- Video recording is a convenience that consumers have grown accustomed to since the introduction of the first videocassette recorders in the 1970s. Many consider it an entitlement.
To a point, it is. The U.S. Supreme Court, in fact, said so: In 1984, in the landmark Betamax case, which pitted Sony against Universal Studios and The Walt Disney Co., the court ruled that recording television programs for private viewing in homes does not infringe on copyright protections.
However, the rights handed down by the court don’t seem so clear now. When the videotape in the VCR is replaced by a hard drive so that the copy made is as good as the original and can be shared over the Internet with a multitude of people, the right to record looks more–at least in the view of several media companies–like a license to steal.
….Under the proposed rules, most regular TV shows available for free from the major networks would fall under the “copy freely” category, while pay-channel programs on networks such as HBO or Showtime might fall under “copy once” that would allow recording but restrict sharing. Pay-per-view and video-on-demand programs would likely be tagged “copy never.”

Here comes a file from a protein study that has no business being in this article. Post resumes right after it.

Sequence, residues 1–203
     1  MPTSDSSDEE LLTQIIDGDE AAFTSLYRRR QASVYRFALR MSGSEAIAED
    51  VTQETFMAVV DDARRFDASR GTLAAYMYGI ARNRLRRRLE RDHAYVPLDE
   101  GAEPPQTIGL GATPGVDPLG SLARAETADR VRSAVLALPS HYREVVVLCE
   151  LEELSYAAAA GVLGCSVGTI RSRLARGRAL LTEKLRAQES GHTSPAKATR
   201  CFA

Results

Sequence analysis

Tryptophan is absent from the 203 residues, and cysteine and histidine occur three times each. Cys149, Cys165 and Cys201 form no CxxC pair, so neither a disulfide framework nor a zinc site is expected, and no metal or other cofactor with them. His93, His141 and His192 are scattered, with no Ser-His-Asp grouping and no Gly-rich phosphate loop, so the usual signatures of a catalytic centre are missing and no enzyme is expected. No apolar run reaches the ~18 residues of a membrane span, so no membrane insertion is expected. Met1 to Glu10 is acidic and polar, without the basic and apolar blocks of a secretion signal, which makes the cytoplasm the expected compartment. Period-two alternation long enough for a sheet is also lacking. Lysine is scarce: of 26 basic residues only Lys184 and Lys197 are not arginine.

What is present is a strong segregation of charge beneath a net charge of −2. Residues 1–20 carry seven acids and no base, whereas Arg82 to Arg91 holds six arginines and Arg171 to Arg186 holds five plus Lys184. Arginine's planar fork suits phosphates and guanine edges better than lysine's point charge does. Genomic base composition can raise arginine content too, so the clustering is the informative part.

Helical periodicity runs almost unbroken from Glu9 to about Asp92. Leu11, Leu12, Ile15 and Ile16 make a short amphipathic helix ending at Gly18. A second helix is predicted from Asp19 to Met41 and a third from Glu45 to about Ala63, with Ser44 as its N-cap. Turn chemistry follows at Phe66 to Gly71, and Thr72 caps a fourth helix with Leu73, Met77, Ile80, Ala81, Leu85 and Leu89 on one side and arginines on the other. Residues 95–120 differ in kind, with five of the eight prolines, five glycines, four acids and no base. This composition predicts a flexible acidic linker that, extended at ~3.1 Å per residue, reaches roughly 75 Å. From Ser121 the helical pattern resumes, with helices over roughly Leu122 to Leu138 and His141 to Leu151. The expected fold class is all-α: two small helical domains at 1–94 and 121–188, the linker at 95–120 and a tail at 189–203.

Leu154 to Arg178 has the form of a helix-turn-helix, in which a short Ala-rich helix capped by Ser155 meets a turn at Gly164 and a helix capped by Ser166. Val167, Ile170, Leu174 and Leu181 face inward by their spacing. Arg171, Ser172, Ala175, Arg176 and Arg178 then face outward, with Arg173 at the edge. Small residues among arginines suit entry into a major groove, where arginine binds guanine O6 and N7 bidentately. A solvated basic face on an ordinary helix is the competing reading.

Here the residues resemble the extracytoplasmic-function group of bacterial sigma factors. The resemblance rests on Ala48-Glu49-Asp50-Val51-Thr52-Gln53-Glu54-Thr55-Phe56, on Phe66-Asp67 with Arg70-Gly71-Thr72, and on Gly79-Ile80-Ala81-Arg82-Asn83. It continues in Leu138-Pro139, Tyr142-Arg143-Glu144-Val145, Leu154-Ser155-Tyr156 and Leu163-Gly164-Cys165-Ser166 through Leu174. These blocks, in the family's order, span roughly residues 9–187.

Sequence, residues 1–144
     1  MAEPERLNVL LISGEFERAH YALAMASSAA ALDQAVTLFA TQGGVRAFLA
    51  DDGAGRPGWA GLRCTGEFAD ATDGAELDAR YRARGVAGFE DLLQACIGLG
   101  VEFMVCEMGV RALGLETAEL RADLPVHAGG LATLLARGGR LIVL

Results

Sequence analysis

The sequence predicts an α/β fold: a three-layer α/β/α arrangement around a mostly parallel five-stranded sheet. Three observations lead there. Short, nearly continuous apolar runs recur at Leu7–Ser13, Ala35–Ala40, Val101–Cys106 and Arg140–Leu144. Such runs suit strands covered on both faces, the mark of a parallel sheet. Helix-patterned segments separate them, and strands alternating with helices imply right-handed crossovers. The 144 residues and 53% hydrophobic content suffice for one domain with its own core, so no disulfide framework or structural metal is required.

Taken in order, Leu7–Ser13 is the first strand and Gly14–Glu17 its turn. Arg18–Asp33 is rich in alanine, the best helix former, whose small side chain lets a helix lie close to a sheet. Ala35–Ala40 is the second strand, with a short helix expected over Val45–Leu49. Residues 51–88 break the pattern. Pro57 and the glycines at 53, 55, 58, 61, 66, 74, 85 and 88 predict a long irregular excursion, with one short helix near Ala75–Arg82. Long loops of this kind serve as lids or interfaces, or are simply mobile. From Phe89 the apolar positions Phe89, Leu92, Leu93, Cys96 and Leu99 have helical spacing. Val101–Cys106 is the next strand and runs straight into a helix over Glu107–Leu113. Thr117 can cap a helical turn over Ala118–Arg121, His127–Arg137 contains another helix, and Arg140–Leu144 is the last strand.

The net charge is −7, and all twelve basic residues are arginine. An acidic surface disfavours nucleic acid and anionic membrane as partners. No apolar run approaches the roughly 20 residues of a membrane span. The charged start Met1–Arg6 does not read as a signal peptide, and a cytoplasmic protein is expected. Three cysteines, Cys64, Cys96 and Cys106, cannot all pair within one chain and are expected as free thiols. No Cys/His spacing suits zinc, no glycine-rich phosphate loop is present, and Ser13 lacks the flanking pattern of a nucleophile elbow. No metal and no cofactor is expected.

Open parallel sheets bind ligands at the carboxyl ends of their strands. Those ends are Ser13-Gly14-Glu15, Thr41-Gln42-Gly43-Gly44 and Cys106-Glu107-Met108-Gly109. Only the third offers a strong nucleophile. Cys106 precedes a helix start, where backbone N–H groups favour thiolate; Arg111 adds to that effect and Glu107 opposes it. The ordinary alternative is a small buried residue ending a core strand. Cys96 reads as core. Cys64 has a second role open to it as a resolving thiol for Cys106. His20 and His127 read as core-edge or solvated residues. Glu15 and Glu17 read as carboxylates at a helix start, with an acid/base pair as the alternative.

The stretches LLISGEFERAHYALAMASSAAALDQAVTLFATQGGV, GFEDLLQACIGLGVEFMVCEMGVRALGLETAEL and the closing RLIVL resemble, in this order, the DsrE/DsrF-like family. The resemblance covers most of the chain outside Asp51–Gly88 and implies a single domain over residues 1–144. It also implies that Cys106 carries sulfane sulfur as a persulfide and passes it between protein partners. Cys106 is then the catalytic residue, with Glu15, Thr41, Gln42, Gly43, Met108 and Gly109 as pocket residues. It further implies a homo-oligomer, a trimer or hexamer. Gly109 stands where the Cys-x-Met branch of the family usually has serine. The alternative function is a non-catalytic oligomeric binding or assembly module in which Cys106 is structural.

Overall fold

But copying and sharing programming over a network is at the heart of what many consumer electronics and PC manufacturers want to pursue. If the recent International Consumer Electronics Show in Las Vegas is any indication, manufacturers such as Sony and Hewlett-Packard and even software giant Microsoft showed off product concepts that would allow consumers to record a show from a TV in one room to a hard drive, and then watch it later on any TV or computer screen in the home. And all of those networks were in turn connected to a broadband line to the Internet.
….But the fact is, consumers expect high-quality recording to be available. A study by GartnerG2, a unit of research firm Gartner, found that 90% of consumers think it’s OK to make a copy of a TV show for personal backup purposes, while 63% think it’s OK to give a copy of a TV show to a friend.
….the studios may have little to fear. According to one estimate by the Electronic Frontier Foundation, HDTV broadcasts take up far too much bandwidth for even the fastest Internet connections to handle easily. Even under ideal conditions, it would take 40 hours to download a single two-hour movie in HD format and would require about 17 gigabytes to store on a hard drive. Even the biggest hard drives widely available for PCs store only about 200 GB, leaving room for only a few movies in that format.